Results were expressed as means ± SEM. Amperometric spike data were grouped by individual cells; thus, the data presented correspond to means ± SEM of cell averages, and “n” refers to the number of cells. Statistical comparisons were performed using the nonparametric Mann–Whitney U test.
Synaptophysin is a partner of dynamin in chromaffin granules
To characterize the interaction between synaptophysin and dynamin in chromaffin cells, we performed immunoprecipitation and pull-down assays, and analyzed the presence of both proteins in chromaffin granule membranes. As shown in Figure 1A, immunoprecipitation with the anti-Dyn antibody precipitated a comparable amount of synaptophysin from chromaffin cell extracts in the presence of Ca2+/Mg2+ or EGTA. Densitometric analysis of immunoblots obtained from six independent experiments shows nonsignificant differences for synaptophysin precipitated in both conditions. Thus, contrary to that observed in brain extracts (Daly and Ziff, 2002), in chromaffin cells free Ca2+ does not appear to influence synaptophysin–dynamin interaction, at least in vitro. This does not rule out though that cytosolic Ca2+ may regulate this interaction in vivo. Therefore, we immunoprecipitated cell extracts obtained immediately after depolarizing the cells with 100 mm KCl for 5 min (Fig. 1B). Densitometric analysis of immunoblots from nine experiments shows a 62 ± 15% increase in the amount of immunoprecipitated synaptophysin from extracts from depolarized cells. To test whether Ca2+ entry was mediating this increase, we depolarized the cells in the presence of EGTA or Co2+, a nonspecific calcium channel blocker. Surprisingly, we found that the EGTA or Co2+ treatment did not inhibit the depolarization-induced increase of synaptophysin–dynamin interaction (Fig. 1B). The analysis of five experiments shows nonsignificant differences.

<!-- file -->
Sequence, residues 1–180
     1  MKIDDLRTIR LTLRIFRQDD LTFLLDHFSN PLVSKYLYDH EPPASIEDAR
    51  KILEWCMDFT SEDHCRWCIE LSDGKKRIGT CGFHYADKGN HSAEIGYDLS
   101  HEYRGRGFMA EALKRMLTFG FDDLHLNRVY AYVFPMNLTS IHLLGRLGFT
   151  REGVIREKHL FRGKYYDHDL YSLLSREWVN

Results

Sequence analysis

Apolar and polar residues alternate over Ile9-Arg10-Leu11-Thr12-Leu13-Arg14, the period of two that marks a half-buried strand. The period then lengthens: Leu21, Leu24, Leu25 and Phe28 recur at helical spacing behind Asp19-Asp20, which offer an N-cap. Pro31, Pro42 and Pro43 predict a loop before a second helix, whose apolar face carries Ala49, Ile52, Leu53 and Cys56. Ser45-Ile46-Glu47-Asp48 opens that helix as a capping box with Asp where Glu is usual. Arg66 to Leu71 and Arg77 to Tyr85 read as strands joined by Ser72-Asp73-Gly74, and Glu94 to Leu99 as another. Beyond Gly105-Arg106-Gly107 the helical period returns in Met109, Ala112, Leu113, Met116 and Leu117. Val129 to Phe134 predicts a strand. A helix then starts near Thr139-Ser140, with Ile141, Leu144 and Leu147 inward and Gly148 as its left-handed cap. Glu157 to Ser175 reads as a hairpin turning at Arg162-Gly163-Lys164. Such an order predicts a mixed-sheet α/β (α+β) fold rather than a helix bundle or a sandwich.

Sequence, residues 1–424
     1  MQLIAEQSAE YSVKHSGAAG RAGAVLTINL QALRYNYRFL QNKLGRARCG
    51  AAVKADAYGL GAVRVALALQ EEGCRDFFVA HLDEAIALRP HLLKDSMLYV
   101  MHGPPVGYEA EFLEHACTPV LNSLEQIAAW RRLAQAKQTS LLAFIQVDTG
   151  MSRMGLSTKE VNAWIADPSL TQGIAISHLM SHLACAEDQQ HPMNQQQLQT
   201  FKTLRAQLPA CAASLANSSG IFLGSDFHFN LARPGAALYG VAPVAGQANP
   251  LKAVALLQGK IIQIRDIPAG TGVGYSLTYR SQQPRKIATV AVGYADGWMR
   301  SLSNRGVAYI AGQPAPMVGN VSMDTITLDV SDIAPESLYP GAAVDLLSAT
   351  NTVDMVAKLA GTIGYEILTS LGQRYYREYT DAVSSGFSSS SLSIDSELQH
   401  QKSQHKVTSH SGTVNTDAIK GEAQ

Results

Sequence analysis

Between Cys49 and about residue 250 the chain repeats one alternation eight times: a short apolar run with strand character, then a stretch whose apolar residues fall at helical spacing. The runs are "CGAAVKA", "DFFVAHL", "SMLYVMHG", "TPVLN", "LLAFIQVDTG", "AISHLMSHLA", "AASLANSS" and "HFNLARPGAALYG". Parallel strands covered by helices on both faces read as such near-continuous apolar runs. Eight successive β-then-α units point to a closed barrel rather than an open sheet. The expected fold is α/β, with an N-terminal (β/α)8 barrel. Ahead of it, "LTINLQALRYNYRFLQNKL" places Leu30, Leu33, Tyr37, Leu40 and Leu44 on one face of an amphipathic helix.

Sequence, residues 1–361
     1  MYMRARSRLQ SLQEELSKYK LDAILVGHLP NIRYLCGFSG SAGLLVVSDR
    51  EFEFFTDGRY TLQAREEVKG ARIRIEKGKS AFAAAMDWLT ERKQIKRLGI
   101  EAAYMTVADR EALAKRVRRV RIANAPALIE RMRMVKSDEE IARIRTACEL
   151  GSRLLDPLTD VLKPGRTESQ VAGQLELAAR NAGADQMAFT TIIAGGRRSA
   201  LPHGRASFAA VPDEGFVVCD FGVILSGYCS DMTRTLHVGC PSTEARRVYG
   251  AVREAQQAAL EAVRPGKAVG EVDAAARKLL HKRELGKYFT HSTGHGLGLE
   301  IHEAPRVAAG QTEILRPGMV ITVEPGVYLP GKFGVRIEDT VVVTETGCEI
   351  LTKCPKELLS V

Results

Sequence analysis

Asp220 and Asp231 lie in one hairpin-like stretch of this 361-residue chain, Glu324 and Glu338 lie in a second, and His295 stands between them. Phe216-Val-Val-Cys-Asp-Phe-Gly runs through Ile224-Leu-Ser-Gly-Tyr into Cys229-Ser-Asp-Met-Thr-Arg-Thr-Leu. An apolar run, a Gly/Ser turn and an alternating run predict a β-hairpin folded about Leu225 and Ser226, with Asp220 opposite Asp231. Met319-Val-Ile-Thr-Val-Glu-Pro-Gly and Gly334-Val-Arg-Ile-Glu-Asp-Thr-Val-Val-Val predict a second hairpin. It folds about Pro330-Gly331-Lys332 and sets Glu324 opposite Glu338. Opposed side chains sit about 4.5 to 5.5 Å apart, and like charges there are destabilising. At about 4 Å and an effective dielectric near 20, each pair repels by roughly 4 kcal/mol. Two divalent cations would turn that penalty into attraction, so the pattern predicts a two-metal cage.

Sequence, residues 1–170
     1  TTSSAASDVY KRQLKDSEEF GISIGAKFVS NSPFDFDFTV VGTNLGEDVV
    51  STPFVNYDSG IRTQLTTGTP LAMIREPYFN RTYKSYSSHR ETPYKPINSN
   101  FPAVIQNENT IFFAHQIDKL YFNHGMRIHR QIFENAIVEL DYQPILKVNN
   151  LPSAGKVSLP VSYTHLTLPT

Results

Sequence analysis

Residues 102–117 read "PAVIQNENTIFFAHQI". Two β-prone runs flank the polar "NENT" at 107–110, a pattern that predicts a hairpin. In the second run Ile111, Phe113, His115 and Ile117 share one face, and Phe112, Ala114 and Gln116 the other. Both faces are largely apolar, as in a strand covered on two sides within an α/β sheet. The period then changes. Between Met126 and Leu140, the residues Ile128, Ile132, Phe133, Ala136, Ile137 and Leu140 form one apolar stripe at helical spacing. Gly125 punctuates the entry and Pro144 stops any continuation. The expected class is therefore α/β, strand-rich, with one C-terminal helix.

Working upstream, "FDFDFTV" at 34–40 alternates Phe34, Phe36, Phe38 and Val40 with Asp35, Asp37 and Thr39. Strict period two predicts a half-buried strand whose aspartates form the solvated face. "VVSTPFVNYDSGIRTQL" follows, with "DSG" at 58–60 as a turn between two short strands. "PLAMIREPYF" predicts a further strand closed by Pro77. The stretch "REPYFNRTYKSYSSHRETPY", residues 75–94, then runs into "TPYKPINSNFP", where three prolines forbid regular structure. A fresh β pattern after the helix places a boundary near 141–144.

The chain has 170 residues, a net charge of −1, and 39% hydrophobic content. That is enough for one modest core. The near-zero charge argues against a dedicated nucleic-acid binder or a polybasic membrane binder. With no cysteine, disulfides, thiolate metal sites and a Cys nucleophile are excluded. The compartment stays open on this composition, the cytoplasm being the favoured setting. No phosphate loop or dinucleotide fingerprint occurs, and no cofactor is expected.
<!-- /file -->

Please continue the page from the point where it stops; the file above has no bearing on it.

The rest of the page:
In brain extract, synaptophysin was shown to interact with dynamin through its C-terminal domain (Daly and Ziff, 2002). Here, to confirm that in chromaffin cells the C terminal of synaptophysin was also mediating this interaction, we used a GST fusion protein comprising the C terminal of synaptophysin (GST-Cterm) to pull down dynamin. As shown in Figure 1C, GST-Cterm binds dynamin from chromaffin cell extracts.
To investigate in which cellular compartment the dynamin–synaptophysin interaction occurs we analyzed the subcellular distribution of these proteins. To this end, cellular extracts were layered on a continuous sucrose density gradient (1.0–2.2 m sucrose), ultracentrifuged at 100,000 × g for 1 h and collected in 16 fractions that were assayed by immunoblot for dynamin, synaptophysin, and dopamine β-hydroxylase (DBH), a standard chromaffin granule marker. As shown in Figure 2A, the distribution of dynamin correlated quite well with the distributions of DBH (fractions 6–8), confirming its association with chromaffin granules. A similar distribution of dynamin in bovine chromaffin cells was previously observed by Galas et al. (2000). In contrast, synaptophysin is broadly distributed across the sucrose density gradients. This result is consistent with synaptophysin being present not only in chromaffin granules (Obendorf et al., 1988; Schilling and Gratzl, 1988; Fournier et al., 1989) but also in other organelles such as synaptic-like microvesicles (Annaert et al., 1993), trans-Golgi networks (Régnier-Vigouroux et al., 1991), endosomes (Tixier-Vidal et al., 1988), and recycling vesicular organelles (Cameron et al., 1991; Linstedt and Kelly, 1991).